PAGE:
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For a society that lives primarily in a deep desert environment, what would be the most practical and/or common type of footwear in terms of both style and material?

The world is medieval-ish, but it's fantasy so it's not bound to any specific time or place. I have been trying to get some examples of the types of shoes worn by Bedouins and other desert-dwelling cultures. The Fremen of Arrakis are also a source of inspiration. This is a semi-tribal culture and portions of it are on the move regularly, often on horseback, so it should be a boot or shoe, not a sandal unless a sandal would be no issue on horseback.

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  • $\begingroup$ Why would you discard sandals in a desert? $\endgroup$ – L.Dutch - Reinstate Monica Jun 1 '20 at 5:38
  • $\begingroup$ i remember renan or maybe its Alexp (iam not so sure) give a link regarding this to certain question cant found it though, even upon quick google. $\endgroup$ – Li Jun Jun 1 '20 at 5:42
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    $\begingroup$ ah found it! maybe this can help desert footwear guide theres other one regarding historical shoes but cant found it, i though it was this one sorry. but i hope the information can help. $\endgroup$ – Li Jun Jun 1 '20 at 5:51
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    $\begingroup$ @JBH I would turn that around: design and materials are almost inseperably interlinked. When you create a design for swamps, mountain walks, climbing, silt water walking, poolside relaxation or warm indoor shoes they will vary greatly, and the available material in turn will change the designs. Some designs become impossible without the right materials, some become much more complex or bulky. The question (as posed now) is fairly well constrained without choking it: common medieval times desert footware in a fluff fantasy world. $\endgroup$ – Demigan Jun 1 '20 at 7:22
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    $\begingroup$ One Amazon tribe dips there feet in rubber from the rubber tree, making bonded perfectly form fitting shoes. there are many strange options for footwear. $\endgroup$ – John Jun 1 '20 at 17:59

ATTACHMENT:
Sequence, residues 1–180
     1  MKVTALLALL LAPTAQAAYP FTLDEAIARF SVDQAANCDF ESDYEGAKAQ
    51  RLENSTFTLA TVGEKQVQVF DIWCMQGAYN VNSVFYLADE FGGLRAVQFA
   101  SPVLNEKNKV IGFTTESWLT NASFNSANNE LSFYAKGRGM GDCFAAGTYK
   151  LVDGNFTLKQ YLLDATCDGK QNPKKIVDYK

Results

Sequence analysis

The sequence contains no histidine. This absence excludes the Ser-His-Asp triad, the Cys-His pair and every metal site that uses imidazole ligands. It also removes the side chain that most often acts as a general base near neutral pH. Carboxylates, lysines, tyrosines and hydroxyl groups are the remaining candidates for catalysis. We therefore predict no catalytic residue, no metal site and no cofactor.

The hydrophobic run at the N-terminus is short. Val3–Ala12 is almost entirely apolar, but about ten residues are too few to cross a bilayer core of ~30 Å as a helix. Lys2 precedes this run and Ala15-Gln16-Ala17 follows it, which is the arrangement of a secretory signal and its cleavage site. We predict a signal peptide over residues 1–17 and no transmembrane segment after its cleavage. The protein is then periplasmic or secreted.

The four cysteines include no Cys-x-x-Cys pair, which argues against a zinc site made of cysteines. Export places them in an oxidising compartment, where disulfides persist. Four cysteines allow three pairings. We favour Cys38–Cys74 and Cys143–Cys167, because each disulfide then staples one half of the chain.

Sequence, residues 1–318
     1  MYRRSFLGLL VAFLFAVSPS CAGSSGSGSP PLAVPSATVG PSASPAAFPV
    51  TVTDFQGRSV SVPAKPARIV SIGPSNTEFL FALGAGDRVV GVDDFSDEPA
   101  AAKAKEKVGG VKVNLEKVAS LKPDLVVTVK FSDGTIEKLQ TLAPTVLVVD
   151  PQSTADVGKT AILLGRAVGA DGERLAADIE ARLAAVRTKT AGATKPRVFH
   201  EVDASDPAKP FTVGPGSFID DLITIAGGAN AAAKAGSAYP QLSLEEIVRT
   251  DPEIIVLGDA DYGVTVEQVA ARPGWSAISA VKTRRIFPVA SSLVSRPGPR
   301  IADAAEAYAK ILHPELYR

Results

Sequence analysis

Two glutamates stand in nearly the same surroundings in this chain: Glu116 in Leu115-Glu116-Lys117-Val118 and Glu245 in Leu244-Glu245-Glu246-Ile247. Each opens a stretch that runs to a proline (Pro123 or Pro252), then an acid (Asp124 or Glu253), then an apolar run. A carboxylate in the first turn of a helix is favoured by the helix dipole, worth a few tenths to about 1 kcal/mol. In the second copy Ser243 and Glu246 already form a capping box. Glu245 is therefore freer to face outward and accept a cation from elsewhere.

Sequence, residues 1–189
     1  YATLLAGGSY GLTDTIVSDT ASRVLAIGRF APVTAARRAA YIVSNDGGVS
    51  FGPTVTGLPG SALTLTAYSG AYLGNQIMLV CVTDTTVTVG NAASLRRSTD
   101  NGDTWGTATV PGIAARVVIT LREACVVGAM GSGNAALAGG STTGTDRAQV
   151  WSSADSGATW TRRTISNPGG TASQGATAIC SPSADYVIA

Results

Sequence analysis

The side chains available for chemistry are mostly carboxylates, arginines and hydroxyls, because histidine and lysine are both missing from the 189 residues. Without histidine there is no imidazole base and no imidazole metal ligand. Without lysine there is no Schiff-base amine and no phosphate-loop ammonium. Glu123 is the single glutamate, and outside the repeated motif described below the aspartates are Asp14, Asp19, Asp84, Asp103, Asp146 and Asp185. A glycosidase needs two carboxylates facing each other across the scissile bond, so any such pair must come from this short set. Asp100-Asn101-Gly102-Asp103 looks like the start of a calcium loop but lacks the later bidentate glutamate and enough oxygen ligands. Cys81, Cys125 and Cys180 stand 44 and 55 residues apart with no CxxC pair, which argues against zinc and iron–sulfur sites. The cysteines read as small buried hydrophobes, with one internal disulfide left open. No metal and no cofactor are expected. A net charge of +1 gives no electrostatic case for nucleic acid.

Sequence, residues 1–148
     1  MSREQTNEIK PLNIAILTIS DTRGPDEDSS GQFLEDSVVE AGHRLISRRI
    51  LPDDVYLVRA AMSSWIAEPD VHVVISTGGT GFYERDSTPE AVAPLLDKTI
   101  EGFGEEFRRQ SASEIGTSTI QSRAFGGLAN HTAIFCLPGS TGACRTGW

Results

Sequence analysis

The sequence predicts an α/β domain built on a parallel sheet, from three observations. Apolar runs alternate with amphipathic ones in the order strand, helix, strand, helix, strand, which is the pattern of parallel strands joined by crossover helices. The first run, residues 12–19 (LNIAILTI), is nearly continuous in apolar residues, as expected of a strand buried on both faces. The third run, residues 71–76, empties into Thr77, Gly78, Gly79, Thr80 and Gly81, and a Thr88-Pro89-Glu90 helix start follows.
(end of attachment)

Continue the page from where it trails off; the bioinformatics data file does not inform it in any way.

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In deserts with snakes and scorpions, ankle covering boots are common (although often sandals or bare feet are in use as well.)
In deserts where there are sharp stones, and/or hot sand temperatures, sandals are the least, boots not unheard of.

When your riders (horse, camel, whatever) use metal stirrups, like the ones in use by most riding horses on our world, boots with heels and hard soles are the most wanted footwear. But other kinds of footwear have been used.

But in history, many peoples, spread all over the world, have ridden animals without stirrups or with a different kind of stirrup which does not have the same needs for boots, or even any kind of footwear.

People who walk bare feet all the time have though skin on the soles of their feet. So if you are inclined against boots, you can have your peoples go bare foot.
On the other hand, you are the writer, if you want your people to wear beautiful boots, by all means have them wear those.

Typically, before rubber became the norm for soles, boots were made out of leather and some sort of yarn made of animal hair or plant fiber. In the making of boots often wood was used to make a last (the form of the foot to build the boot around) but you can invent something else if there is no wood in your world. Some boots will have been made out of wood as well as leather, but it is not needed.
With riding animals you will have leather (from old/butchered riding animals or from other animals used for food.) And adult animals have thick leather, it 'just' has to be tanned in such a way that the thick parts get strong and sturdy.

Dress shoes (at least in the 20'th century) were soled with leather, and walking on streets their soles could last a year or even longer, then you would take them to the cobbler and you would get them re-soled, which would last an other year or two, depending on the use.
Riding boots will not wear as much on most of the soles, though leather should do for them for a year at least, so you may need to 'invent' an easily replaced part where the stirrup damages the sole, or you can just have the readers assume that the whole of the sole will be replaced if needed. (Or leave it out, you will also not describe how often they replace their riding trousers, unless it is vital for the story.)

You can go into the design and making of the boot or leave that out, as fits the story.
But history on earth on earth will have much information.

Go back at least to the pioneers in the USA and those natives who used horses, or the same time or before in Europe and Asia, for samples that would fit in your time/tech frame.

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  • $\begingroup$ In addition, some hints on desert footwear design - uneven terrain with different consistencies; concerns - blisters, bruises, sand/gravel getting in, ankle support. Make the sole tough (to resist penetration) yet flexible (to reduce blisters). Shoe should climb up on the calf (stop the sand getting in and those critters to find a spot to inject their venom) - above ankle in any case $\endgroup$ – Adrian Colomitchi Jun 1 '20 at 8:23

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